• I didn’t think Jacee’s book was sad…just scary. But interesting that she had some opportunities to escape but didn’t. That’s not unusual for kidnapped/abducted victims though. I need to read something funny to get these images out of my mind!
      mo

    • After reading about eight books I think I will probably give up on the Kindle for awhile. It is good for reading in bed however. I read some books on my son’s ipad and got hooked on that, but the Kindle doesn’t even compare quality wise. And I don’t want to pay for an ipad just to read books. Never know what Santa will bring my way!!!
      mo

  4. I didn’t think Room was creepy, except for the beginning when I didn’t know what was going on. I thought it was written beautifully and that the author got the tone down for each character quite well. There was character development in an amazing way and the ending was left to your imagination. I won’t read the first book you read but I’m sticking up for ROOM. Laurie

    • Laurie, I thought the writing and the characters were outstanding. I even got an image of Old Nick in my mind…but it was too scary and too real. It happens. And that’s the creepy part. I think I will look for another book to read that Donoghue wrote. She is good.
      mo

      • Okay Mo, here is a book club moment contribution for the book, “Stolen Life” since I had also just read it recently. I actually had a deep desire to read this book because I knew it would be different…we both know she didn’t set out to be an author; I do think her writing reflected a life lacking education as she sat in that backyard neglected for most of her life, but it also reflected honesty and it amazed me that she still had beautiful thoughts in spite of her agonizing, horrific circumstances as a prisoner and victim of that sick, demented man and his wife. But, I held the actual book in my hands and I turned the pages to read her journal entries that were so touching, even the little doodling on her pages broke my heart. She was such a child. I cannot imagine myself having to endure that kind of life at her age or having to imagine of one of my children having to live with such unthinkable circumstances. So, I read her book while feeling that if she had the bravery to write it, because she owed none of us any details about her ordeal, that I would be brave enough to read it. And let me tell you, I was nervous about reading it, most definitely. I found it so inspiring because she knew that the power of her captors would be broken by letting go of her shame and silence. Lately, I can relate to this in another form much less difficult than her own situation, but I do have hope for her and can see that she desires to make a difference and that she has the capacity to catch up with all that she lost, at least with her education and a few experiences…I hope she keeps going. Maybe she’ll write another book one day with her knew life more fully recovered, with ample nurturing, more education, and with a finer, more eloquent voice to reflect her life lived out of captivity for a period of time long enough to create major change in her life and that would allow her to be better able to communicate things that she might not even understand yet — I’d be eager to hear the difference in her tone and words. I guess we shall see what is to come. You’ve got to read the book and see the actual journal entries— to me, it was integral to the book.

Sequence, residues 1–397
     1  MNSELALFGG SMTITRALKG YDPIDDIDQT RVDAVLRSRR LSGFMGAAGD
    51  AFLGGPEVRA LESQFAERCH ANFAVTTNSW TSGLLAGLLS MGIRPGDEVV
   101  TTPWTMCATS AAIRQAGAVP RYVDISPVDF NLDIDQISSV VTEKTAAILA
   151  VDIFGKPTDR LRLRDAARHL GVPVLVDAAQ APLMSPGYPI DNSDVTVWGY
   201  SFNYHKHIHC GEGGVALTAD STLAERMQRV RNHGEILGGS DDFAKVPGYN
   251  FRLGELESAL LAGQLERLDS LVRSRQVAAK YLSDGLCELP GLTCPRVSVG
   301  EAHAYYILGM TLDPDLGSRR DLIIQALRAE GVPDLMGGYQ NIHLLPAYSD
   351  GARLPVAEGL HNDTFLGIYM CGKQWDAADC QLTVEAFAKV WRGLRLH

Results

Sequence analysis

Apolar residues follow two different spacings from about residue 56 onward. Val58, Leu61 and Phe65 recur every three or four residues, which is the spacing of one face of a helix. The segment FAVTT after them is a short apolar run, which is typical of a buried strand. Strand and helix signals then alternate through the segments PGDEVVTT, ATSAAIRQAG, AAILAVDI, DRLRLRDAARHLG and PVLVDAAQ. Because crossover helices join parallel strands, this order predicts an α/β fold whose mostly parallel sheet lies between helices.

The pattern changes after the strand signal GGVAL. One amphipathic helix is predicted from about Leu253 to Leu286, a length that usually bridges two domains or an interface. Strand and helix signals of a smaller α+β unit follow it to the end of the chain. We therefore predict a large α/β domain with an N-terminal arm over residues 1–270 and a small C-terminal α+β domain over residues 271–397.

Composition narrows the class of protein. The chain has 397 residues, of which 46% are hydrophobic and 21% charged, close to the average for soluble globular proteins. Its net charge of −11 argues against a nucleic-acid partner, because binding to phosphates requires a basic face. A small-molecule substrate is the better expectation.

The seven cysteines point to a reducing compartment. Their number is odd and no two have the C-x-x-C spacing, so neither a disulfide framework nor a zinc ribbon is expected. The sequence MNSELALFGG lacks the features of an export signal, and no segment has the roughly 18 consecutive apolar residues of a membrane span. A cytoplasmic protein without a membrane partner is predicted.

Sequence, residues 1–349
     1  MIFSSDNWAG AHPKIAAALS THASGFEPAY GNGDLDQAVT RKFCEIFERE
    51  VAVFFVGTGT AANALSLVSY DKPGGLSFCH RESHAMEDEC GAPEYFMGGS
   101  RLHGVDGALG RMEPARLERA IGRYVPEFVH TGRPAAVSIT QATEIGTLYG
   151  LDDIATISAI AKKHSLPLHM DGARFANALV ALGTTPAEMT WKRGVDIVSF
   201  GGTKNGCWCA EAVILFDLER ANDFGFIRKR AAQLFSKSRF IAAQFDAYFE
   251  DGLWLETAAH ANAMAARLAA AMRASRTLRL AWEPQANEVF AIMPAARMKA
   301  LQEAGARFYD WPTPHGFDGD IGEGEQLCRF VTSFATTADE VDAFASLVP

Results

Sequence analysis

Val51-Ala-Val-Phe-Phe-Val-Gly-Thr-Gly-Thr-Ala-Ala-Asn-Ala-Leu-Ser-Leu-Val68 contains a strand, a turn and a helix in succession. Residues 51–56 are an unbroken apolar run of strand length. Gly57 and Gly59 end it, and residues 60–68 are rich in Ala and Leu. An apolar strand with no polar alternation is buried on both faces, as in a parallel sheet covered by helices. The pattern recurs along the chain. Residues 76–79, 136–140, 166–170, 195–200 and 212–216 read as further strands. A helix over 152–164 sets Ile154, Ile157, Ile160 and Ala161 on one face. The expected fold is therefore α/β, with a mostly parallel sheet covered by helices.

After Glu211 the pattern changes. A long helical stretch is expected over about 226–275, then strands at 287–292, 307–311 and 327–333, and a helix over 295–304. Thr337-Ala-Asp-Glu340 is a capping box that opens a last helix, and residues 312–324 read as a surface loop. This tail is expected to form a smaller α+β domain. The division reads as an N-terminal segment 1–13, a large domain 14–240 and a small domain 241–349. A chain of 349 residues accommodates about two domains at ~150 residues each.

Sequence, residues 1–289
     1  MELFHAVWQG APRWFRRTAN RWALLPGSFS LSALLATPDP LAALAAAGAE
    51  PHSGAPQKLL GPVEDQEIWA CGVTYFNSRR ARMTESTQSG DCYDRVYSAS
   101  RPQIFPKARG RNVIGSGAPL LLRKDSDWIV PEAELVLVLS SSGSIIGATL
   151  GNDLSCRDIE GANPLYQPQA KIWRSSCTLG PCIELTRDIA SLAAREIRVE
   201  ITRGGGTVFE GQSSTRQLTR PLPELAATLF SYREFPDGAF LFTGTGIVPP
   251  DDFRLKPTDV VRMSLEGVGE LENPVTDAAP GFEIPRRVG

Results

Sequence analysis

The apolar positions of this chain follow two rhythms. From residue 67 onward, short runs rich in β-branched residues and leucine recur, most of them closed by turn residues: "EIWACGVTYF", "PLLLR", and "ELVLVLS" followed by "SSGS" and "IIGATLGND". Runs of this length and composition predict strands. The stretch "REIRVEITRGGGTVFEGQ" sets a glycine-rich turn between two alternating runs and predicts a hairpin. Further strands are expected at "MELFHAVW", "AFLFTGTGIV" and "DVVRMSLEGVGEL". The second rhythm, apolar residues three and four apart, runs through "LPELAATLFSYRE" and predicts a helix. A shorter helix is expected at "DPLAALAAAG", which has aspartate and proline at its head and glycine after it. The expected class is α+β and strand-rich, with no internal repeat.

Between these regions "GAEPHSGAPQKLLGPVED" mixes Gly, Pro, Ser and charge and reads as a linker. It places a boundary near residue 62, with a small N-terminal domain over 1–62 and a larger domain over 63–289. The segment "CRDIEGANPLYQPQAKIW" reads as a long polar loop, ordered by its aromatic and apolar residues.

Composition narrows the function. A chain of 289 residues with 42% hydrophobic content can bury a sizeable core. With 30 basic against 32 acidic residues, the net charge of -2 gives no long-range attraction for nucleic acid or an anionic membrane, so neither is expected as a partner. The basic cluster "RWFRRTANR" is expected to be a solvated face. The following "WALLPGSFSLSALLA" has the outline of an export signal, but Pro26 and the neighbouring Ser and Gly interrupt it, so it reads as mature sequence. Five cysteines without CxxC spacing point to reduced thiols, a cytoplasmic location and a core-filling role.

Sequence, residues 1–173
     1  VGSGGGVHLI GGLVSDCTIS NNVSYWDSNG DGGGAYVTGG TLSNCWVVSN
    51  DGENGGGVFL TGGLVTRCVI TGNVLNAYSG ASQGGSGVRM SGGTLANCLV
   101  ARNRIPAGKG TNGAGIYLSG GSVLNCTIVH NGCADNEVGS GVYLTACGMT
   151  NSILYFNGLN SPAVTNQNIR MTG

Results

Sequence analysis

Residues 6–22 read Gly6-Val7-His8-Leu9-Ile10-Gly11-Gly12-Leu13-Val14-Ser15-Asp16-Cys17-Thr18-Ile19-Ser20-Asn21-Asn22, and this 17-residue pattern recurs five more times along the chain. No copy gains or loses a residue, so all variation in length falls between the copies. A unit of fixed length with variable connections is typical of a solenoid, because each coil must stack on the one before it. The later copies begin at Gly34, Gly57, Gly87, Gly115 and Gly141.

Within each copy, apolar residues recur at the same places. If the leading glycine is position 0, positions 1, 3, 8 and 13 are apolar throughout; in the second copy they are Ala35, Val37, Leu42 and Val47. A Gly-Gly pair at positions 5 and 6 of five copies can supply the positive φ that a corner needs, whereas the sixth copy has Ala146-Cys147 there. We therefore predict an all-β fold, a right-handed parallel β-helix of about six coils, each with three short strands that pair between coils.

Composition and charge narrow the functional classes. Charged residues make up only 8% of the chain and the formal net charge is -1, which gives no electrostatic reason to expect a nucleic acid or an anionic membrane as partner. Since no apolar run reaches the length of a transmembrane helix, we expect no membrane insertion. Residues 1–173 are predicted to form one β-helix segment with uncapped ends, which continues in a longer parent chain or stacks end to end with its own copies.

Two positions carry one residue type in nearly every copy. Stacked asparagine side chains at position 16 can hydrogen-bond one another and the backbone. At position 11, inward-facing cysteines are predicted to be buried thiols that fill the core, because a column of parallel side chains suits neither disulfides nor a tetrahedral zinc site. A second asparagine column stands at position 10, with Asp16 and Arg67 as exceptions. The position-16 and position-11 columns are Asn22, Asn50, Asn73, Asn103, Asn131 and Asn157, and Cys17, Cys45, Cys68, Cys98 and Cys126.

I haven’t read the other book, but this sure was fun!!!!!!!!!!!!! Let’s do it again!!!!!!!!!!!!!!

        Lana 🙂